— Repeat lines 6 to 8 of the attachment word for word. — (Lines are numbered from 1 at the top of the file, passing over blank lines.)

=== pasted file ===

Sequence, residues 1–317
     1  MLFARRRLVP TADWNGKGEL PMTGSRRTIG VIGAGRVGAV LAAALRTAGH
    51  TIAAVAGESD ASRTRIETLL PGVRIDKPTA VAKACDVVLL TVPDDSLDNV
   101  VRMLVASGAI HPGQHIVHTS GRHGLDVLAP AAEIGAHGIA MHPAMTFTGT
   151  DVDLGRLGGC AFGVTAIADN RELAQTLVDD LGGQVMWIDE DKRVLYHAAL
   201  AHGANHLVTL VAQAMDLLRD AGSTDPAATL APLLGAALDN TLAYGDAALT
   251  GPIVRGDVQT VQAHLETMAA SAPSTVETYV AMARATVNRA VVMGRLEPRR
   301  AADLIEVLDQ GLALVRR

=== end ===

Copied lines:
   201  AHGANHLVTL VAQAMDLLRD AGSTDPAATL APLLGAALDN TLAYGDAALT
   251  GPIVRGDVQT VQAHLETMAA SAPSTVETYV AMARATVNRA VVMGRLEPRR
   301  AADLIEVLDQ GLALVRR